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iBoxx USD Asia Ex-Japan Monthly Commentary: June 2024

iBoxx Asian Local Currency Indices Monthly Commentary: June 2024

iBoxx USD Emerging Markets Monthly Commentary: June 2024

U.S. Equities Market Attributes June 2024

iBoxx USD Asia Ex-Japan Monthly Commentary: May 2024

iBoxx USD Asia Ex-Japan Monthly Commentary: June 2024

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Jessica Tan

Principal, Fixed Income Indices

S&P Dow Jones Indices

Featuring iBoxx USD Asia-Pacific

June 2024 Commentary

Divergence in global interest rate policies continued in June as central banks such as the European Central Bank, Bank of Canada and Swiss National Bank cut interest rates by 25 bps.  On the other hand, many countries (such as the U.S. and Australia) still wrangled with stubborn inflation levels, and their central banks held existing rates steady.  In Asia, most central banks left their interest rates unchanged, and most Asian currencies have depreciated against the U.S. dollar during the first half of the year.  One exception was the Hong Kong dollar, which is pegged to the U.S. dollar and flipped the trend of three continuous months of weakening in Q1 with three consecutive months of appreciation against the U.S. dollar in Q2.

In the U.S., the S&P 500® continued to break records as it closed June and Q2 with gains of 3.47% and 3.92%, respectively, bringing its YTD return to 14.48%.  10-year U.S. Treasuries yields—as represented by the iBoxx USD Treasuries Current 10 Year—dropped by 29 bps to 4.26% before climbing in the last week to end the month at 4.42%.  Since the start of the year, the 10-year U.S. Treasury yield has gained 50 bps and remained above 4%.

Faced with a weakening currency and challenging economy, the People’s Bank of China (PBoC) opted to keep its benchmark lending rates unchanged.  Chinese-issued U.S. dollar bonds—as represented by the iBoxx USD Asia ex-Japan China—returned 0.70%, while Chinese stocks—as represented by the S&P China 500 (USD)—retreated by 3.01%; this brings their Q2 2024 returns to 1.66% and 0.75%, respectively.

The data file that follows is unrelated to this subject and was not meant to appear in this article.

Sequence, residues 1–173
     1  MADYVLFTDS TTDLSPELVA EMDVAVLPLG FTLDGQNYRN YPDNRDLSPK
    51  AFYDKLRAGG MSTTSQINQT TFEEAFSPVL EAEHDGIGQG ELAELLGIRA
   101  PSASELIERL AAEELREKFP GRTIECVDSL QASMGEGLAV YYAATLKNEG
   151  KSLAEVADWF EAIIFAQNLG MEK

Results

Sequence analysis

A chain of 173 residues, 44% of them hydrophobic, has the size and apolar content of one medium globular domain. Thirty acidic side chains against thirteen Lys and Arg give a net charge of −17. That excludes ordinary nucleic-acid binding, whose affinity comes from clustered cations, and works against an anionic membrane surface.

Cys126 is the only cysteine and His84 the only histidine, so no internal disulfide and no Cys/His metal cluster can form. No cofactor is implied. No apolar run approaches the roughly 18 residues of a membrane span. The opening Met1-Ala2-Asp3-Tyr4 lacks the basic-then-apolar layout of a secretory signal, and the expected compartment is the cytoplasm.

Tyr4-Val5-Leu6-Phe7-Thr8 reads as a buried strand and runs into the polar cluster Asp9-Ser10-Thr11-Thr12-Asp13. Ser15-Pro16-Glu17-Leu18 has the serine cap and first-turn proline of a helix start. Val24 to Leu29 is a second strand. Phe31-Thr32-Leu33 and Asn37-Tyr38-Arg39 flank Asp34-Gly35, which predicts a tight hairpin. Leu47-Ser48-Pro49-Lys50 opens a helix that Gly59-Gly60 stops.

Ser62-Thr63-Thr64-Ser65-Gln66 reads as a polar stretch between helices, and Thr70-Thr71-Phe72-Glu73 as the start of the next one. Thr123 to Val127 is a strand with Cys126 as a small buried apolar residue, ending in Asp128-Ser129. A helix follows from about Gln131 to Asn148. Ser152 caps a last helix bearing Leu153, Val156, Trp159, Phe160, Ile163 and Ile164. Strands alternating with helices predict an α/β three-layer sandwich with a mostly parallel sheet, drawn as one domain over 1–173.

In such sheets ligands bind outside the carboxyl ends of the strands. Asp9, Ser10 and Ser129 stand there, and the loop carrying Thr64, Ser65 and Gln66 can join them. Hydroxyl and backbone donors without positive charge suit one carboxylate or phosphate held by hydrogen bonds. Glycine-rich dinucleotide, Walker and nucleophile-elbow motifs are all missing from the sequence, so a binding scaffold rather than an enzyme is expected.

iBoxx USD Asia Ex-Japan Monthly Commentary: Exhibit 1

The Asian U.S. dollar bond market ended the month with a 0.82% gain, supported by a 1.31% rise in the high yield segment and a 0.74% rise in investment grade bonds.  The overall market gained 1.21% in Q2 and 2.40% on a YTD basis.  The China Real Estate segment, which was the worst-performing segment in 2023 (down 1.71%), has become the best-performing segment YTD in 2024 (up 11.81%).

All rating and maturity segments rallied this month, with the exception of the CCC 7-10 Year and 10+ Year high yield buckets, which were dragged down by negative returns from Pakistan bonds.  Since the start of the year, the high yield segment has been favored by investors (up 9.72%) and has outperformed the investment grade segment (up 1.35%) on a YTD basis.

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iBoxx Asian Local Currency Indices Monthly Commentary: June 2024

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Kangwei Yang

Director, Fixed Income Indices

S&P Dow Jones Indices

Monthly performance, maturity, yield and duration of the iBoxx ALBI, iBoxx ABF and iBoxx SGD Indices.

As widely expected, the ECB cut its key interest rate by 25 bps in June, while the U.S. Federal Reserve maintained its key rate, citing a lack of progress toward the objective of 2% inflation.  Some other economies also introduced their first rate cuts, including Canada and Denmark, while Switzerland made its second rate cut in 2024.

The movement of the 10-2 Treasury Yield Spread also remained relatively rangebound in June and has been inverted since the second half of 2022.  At the end of the month, it read -0.35%, up 3 bps from May.